Motorcycle road deaths higher than a decade ago

North East casualties rise by 54%

Posted: 2 January 2008
by Tim Skilton

ACCORDING TO recently released Government casualty figures, the number of motorcycle casualties on Britain's roads are higher than they were a decade ago.

Bike casualties in 2006 in Britain totalled 23,326 compared with 23,133 in 1996. The figures aren't quite that clear cut though, as 'slight injuries' have been added to the overall total of bikers KSI (killed or seriously injured).

The statistics also show a sharp increase in the number of middle-aged men killed on motorcycles - riders aged 40 to 49 being killed or seriously injured almost doubled in ten years, from 709 in 1996 to 1,282 in 2006.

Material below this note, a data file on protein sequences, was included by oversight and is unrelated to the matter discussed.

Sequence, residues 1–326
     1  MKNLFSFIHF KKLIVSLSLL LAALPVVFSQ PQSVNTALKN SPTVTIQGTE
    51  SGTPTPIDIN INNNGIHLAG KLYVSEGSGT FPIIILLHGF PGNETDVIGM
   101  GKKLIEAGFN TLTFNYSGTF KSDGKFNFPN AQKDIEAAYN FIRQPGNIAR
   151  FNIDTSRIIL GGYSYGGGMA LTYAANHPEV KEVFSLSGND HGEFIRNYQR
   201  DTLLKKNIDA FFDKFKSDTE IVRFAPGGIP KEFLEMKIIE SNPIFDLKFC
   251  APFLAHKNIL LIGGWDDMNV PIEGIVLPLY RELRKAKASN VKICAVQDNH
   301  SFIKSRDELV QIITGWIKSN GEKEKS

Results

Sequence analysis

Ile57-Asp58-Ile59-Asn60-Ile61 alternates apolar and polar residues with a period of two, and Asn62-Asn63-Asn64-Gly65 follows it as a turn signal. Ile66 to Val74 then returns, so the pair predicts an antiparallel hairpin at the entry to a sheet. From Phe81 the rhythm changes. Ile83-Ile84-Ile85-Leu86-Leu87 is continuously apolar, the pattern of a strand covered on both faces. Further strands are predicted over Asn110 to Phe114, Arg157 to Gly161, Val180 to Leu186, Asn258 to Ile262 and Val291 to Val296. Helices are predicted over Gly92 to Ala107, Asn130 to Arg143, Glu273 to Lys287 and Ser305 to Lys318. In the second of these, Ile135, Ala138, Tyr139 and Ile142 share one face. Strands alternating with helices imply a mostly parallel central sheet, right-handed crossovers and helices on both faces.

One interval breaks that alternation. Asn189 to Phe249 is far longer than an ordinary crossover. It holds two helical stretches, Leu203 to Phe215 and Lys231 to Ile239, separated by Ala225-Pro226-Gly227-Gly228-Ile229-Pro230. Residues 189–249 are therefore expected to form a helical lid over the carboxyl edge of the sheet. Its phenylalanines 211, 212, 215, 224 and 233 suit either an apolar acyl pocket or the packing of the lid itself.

The number of motorcyclists killed or seriously injured in the North East has risen by a staggering 54% over the past decade. In 1996, 145 motorcyclists were killed or seriously injured in the region but that figure rose to 224 bikers in 2006, Department for Transport figures show.

The region showed the biggest percentage increase across the country.

The good news is the figure is lower than in 2005 across the UK - all except Wales, where the number of KSIs has risen.

Now there's some ammunition for Richard Brusnstom's anti-bikers campaign.

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